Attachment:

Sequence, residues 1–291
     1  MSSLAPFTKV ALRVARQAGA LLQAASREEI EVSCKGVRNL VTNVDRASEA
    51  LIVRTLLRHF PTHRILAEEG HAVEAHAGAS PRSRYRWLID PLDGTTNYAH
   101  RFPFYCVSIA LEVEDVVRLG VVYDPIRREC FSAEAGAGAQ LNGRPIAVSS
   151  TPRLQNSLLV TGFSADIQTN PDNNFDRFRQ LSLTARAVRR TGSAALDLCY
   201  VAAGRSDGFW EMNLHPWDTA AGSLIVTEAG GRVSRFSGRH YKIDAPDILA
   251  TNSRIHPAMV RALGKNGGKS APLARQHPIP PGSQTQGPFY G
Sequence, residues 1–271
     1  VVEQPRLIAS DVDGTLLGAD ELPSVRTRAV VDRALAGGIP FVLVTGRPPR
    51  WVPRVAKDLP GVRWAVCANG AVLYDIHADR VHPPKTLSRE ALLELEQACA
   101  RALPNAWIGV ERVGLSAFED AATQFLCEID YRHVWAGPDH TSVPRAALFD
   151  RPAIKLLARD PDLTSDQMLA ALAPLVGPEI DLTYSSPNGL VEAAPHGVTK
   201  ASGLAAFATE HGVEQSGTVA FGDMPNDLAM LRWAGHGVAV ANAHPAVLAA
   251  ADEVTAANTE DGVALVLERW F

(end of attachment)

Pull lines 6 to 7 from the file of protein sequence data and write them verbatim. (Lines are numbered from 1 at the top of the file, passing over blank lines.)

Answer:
   201  VAAGRSDGFW EMNLHPWDTA AGSLIVTEAG GRVSRFSGRH YKIDAPDILA
   251  TNSRIHPAMV RALGKNGGKS APLARQHPIP PGSQTQGPFY G